After schools sessions teaching hands on problem solving

Carrie Leopold (at left) founded Inspire Innovation Lab to bring STEAM learning to elementary girls and boys. (STEAM refers to science, technology, engineering, the arts and math.) Photo/Russ Hanson.

Nancy Edmonds Hanson

“We’ve got the number-one therapeutic STEAM learning program in the nation,” says Carrie Leopold with a grin. “I’m completely safe in saying that because we’re the only one.”

Carrie is the learning evangelist behind Inspire Innovation Lab, Moorhead’s one-of-a-kind after-school program for elementary children. When school buses and the Inspire van disgorge rowdy young scholars there at the end of the school day, they’re about to take an enthusiastic dive into two more hours devoted to more of what they’ve been splashing around in all day – more education.

But what an education! Unlike their classrooms, the Inspire lab is devoted to a unique kind of learning. The youngsters – two dozen or so on an average day, ranging from kindergartners to the oldest, a sixth grader – arrive ready to engage in project-based activities that draw on all the disciplines taught under distinct headings in school, from science and math to reading and technology. Not only that: They’ll also absorb life skills to build resiliency and their ability to handle their emotions.

These children and their parents may be forgiven if they sometimes overlook all that serious stuff. What they’re all about within these the rooms of kid-friendly challenges, where eager voices rise and energy crackles. What it resembles is … fun.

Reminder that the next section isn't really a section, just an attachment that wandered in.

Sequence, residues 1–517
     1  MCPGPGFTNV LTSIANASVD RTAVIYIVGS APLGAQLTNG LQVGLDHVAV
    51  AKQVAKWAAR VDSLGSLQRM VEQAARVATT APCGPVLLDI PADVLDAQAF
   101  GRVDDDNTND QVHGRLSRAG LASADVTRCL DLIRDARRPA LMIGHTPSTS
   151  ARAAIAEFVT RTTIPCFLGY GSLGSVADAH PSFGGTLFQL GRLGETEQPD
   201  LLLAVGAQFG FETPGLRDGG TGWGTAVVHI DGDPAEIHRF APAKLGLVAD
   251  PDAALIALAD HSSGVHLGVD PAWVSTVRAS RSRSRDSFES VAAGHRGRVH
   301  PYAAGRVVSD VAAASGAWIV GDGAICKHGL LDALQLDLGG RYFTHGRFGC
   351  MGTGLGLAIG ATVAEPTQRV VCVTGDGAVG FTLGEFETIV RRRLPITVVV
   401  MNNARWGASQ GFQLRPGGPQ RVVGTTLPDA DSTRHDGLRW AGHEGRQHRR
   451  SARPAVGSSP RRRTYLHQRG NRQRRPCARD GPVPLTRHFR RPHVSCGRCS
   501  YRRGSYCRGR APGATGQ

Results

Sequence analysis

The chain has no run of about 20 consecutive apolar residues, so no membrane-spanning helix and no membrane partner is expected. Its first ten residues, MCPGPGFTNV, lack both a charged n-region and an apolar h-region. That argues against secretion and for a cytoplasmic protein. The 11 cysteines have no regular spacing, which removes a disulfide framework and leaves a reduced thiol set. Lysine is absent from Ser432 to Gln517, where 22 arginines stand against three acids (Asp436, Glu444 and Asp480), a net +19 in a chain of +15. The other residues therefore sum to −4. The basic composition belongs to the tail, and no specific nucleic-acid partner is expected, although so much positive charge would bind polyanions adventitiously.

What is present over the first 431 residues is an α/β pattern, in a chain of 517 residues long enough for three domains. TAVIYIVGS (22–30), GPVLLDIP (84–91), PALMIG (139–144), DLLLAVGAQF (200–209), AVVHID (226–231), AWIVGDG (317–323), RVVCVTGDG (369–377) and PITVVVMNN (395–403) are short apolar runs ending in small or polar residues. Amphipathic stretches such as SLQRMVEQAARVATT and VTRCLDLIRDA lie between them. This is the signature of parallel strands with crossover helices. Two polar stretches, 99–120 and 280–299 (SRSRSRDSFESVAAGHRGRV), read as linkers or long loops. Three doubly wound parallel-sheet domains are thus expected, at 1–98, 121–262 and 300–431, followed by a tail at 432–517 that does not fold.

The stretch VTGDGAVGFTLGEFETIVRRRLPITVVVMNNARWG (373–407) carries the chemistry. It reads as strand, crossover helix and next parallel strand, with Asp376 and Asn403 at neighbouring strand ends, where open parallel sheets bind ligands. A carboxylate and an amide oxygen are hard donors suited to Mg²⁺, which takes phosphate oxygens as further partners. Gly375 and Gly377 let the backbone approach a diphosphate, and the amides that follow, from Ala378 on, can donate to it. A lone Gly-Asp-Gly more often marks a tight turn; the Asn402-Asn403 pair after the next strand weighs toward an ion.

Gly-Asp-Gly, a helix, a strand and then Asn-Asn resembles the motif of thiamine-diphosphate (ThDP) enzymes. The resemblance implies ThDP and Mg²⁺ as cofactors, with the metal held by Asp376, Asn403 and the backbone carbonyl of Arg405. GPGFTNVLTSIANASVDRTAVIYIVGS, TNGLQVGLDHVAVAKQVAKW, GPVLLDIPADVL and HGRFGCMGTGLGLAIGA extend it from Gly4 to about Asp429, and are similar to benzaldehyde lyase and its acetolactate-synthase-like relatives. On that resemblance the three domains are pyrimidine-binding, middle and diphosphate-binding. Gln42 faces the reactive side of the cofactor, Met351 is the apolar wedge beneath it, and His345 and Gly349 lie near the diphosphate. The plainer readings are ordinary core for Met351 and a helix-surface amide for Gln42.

“What I’ve always wanted to do,” Carrie confesses, “is change the face of education. I want to move schools toward project-based learning that integrates a whole mix of disciplines – science, technology, engineering, the arts and math – into problem-solving. In the end, it’s not about the problem itself or the solution. It’s about creativity, teamwork, cooperation – all the good stuff that happens in the middle.”

She calls the blended, sometimes raucous process “messy learning.”

Carrie’s path from growing up in West Fargo to where she has arrived today was anything but straight and narrow. After graduating from Minnesota State University Moorhead with a bachelor’s degree in biology and master’ in education, she worked in a constellation of roles revolving around those twin loves. For a time, she was STEM outreach coordinator for the State College of Science’s Fargo campus. Working in the department of applied sciences, she focused on bringing educational tools on nanoscience, biotechnology, microelectronics and biofuels to schools across North Dakota.